“Don’t try to force me as a black man who knows his history to honor something that goes against my heritage,” said Robert Brown, a 42-year-old barber in Louisville, a small town in the central Mississippi pines with a population that is about 60 percent black.
Passions run so high regarding this issue in the Magnolia State, that one man is charged with bombing a Wal-Mart over that chains decision to stop selling Confederate flags:
A man who has been called a longtime supporter of the Mississippi state flag — and the controversial symbol within it — is accused of bombing a Wal-Mart in that state because the retail giant stopped selling the Confederate battle flag, police said.
Marshall E. Leonard, 61, from Tupelo, Miss., was arrested and is set to be charged on Tuesday with detonating an explosive after he threw an explosive device into a Wal-Mart on Sunday morning, Tupelo Police Chief Bart Aguirre told The Washington Post. The device made a loud noise but did no real damage to the store.
“He’s a strong supporter of keeping that flag flying,” Aguirre told the Associated Press. “This is his way of bringing attention to that.”
It’s not surprising that this is happening in Mississippi, of course. Notwithstanding the fact that the debate that swept the south in the wake of the Charleston shootings saw a renewal of the effort to remove the Confederate flag from the state flag that earned the support of one of the most powerful politicians in the state, it was readily apparent that Mississippians as a whole were not nearly as open to the idea of putting the past behind them as people in other parts of the south. It wasn’t that long ago, after all, that a statewide referendum was held on the issue and voters overwhelmingly approved keeping the flag as it stands today. The racial division in that referendum between the state’s African-American and white residents was, of course, as deep as you expected it would be, but the support among white Mississippians was in that referendum, and apparently remains if the events in the state since the summer’s controversy are to be believed, was quite bipartisan. If nothing else, this would seem to indicate that it’s unlikely that we will see the kind of bipartisan agreement to remove the Confederate flag that we saw in South Carolina in the wake of the Charleston shootings. Instead, we will see measures like the decision of the University of Southern Mississippi to remove the state flag from campus grounds until it is changed, although it’s unclear if we’ll see similar steps at the University of Mississippi or Mississippi State University, both of which seem to be far more traditionally “Mississippi” in many respects.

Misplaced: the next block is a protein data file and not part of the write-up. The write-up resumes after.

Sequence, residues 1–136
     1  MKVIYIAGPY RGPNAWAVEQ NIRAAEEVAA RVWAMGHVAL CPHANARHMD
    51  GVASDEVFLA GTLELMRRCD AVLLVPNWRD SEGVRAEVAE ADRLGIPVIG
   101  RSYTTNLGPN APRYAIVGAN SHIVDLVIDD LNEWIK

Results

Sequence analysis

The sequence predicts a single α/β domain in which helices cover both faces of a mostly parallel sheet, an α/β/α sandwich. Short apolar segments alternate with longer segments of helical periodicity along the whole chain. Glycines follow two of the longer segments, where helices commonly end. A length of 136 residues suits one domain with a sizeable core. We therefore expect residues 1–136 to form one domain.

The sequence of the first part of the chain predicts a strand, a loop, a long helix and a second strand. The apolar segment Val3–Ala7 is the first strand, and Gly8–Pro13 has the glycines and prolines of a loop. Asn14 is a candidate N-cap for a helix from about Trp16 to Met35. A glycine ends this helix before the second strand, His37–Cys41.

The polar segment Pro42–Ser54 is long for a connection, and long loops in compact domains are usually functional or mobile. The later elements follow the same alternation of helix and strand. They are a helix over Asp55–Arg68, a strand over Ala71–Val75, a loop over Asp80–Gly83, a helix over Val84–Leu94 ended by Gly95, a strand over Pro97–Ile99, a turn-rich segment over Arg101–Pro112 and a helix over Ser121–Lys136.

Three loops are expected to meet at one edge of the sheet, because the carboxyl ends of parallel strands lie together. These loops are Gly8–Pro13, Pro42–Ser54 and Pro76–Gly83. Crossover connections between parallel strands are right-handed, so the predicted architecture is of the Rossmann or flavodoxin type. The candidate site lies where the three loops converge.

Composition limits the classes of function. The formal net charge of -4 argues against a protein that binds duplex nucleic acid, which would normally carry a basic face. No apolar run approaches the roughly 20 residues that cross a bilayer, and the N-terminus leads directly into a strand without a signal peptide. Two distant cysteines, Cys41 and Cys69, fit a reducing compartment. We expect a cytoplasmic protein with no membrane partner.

The reality, of course, is that the debate that occurred in South Carolina in the wake of Dylann Roof’s racially motivated murders in a church closely tied to both the struggle against slavery and the Civil Rights Movement is one that needs to occur throughout the south, and perhaps nowhere more than in Mississippi which was a focal point of both the worst aspect of the Confederacy and the resistance to the end of Jim Crow. Whatever those nostalgic for the history of the Civil War might tr to say, it is obvious that the Confederate Battle Flag long ago became a symbol of hatred and resistance to racial equality rather than some remembrance of heritage. In some sense, the debate over this issue was settled in the wake of the war, when Robert E. Lee himself, who became President of what is now Washington & Lee University in Virginia argued that the flag should not be displayed in public and left instructions that no such flags were to be displayed at his funeral or his grave after he died. Indeed, it wasn’t until the resurrection of the Ku Klux Klan in the 1920s and then most especially the Civil Rights Movement in the 1950s that the flag seems to have become a public symbol again. After Brown v. Board of Education and similar decisions from the Supreme Court, and the efforts of the Eisenhower Administration and subsequent Presidents to enforce Federal laws protecting the rights of African-Americans, many states in the South began flying the flag and integrating it into their state symbols in what was obviously an attempt to foster resistance to Washington and an effort to intimidate the African-American residents of their respective states. As the years went by, many states began to abandon those symbols, but it was Charleston that really brought home the point that it was time to abandon the flag as anything other than a museum piece, which is the step that South Carolina has taken. Mississippi should take a cue from its fellow Southern state and enter the 21st Century already.